Obamacare - practical discussion

Obamacare - practical discussion
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#228

Yes, but ACA plans actually purchased are mostly Silver and to a lesser extent Bronze (for cost reasons, as you say). The average deductible is over $4k. This is in contrast to the average group plan where the average deductible is more like $1-2k.

In addition, deductibles have been rising for a given plan. So if you get the benchmark Silver plan, the deductible is maybe 5-10% higher now than it was 4 years ago when the ACA started. Of course that’s not too much pain compared to the deductibles that doubled from the pre-ACA days and premiums that have more than doubled since then. See the table below:

I don’t know about national inflation metrics, but it’s clear insurance for individuals is now over twice as expensive as it was before.


#229

You seem to “forget” I’ve done so umpteen times.

Prior to the ACA, the number one reason BY FAR for bankruptcy was uninsured/underinsured medical bills.

The ACA basically ended that. I’m not sayin’ it’s zero, but it’s taken rather extraordinary circumstances since.

No.

Which has what to do with the price of eggs in Singapore ?


#230

Eh, because none of that’s true.


#231

You’re comparing apples and alligators. It’s not real-world “premium increases” when cheap premiums on policies that are worthless goto premiums for comprehensive healthcare insurance policies.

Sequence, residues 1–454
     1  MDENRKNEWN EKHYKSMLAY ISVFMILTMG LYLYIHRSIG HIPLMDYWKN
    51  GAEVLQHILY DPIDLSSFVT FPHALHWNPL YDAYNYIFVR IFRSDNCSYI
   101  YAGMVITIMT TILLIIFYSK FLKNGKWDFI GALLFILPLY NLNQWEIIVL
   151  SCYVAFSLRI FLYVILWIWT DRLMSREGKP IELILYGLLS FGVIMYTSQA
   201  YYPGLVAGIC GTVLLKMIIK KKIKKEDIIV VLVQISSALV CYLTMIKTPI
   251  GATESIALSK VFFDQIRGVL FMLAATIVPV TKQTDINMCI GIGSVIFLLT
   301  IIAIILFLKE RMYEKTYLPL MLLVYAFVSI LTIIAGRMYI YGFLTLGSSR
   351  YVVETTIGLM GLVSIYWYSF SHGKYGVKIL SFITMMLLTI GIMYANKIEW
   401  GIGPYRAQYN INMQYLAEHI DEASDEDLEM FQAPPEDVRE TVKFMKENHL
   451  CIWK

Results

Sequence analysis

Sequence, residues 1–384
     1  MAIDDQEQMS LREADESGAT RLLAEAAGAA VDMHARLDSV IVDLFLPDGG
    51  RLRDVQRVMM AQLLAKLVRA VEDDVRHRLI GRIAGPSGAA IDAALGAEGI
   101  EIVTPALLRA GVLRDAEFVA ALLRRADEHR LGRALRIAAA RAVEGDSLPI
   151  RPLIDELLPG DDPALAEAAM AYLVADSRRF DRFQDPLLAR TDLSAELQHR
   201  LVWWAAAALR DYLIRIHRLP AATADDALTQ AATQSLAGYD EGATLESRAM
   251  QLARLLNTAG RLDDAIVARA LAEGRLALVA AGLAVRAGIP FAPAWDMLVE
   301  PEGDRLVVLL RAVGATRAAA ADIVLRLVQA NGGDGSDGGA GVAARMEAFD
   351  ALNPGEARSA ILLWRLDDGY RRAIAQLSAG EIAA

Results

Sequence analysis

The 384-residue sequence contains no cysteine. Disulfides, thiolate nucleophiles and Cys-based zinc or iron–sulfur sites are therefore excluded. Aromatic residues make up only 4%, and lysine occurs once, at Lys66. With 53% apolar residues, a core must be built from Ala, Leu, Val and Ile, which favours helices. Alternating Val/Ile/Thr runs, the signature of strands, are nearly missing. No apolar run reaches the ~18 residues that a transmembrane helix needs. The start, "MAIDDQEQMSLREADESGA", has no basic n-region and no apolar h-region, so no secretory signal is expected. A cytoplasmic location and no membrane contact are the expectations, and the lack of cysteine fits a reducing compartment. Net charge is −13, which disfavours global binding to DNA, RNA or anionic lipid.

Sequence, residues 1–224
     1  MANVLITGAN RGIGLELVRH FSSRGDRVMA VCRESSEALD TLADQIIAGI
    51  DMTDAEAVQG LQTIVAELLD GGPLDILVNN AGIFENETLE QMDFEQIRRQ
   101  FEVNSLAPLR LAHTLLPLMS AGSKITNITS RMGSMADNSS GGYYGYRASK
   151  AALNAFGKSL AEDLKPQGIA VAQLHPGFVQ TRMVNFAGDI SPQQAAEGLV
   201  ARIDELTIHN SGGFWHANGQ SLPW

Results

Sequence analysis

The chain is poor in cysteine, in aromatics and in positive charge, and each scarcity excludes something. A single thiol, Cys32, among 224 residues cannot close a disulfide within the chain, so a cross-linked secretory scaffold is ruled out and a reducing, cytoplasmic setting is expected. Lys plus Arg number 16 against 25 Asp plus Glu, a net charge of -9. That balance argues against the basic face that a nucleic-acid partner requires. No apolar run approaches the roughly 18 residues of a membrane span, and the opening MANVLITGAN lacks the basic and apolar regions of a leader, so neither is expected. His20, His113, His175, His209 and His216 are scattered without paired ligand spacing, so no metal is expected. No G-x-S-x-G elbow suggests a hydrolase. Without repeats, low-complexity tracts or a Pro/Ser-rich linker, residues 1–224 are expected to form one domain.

It’s like leasing a Yugo for $50/month versus leasing a Chevy for a real-world cost.


#232

Do you have a link that lists causes of bankruptcies by percentage from before the ACA and after?

Okay. What is your definition of super expensive and do you have a link that says what the median amount of healthcare debt was for people that declared bankruptcy because of healthcare debt?

I said that an increase in poverty was unlikely. You said that it is a certainty and asked where I was prior to the ACA, which (to me) implied that the ACA resulted in a decrease in poverty. That is why I pointed out that the poverty rate has been steady for decades - to essentially refute your implication.


#233

That’s a bad statistic that was bandied about by left wing politicians and the last president for their politicial gain, but it’s just not true. They counted anyone with any medical debt when they filed or who cited medical expenses as a contributing cause (among many) for their bankruptcy. If you were a deadbeat who stiffed your CCs for $100k and also your doctor for $100, you had a “medical bankruptcy” in their book. The real number is probably 5%, nowhere close to the 2/3 talking point.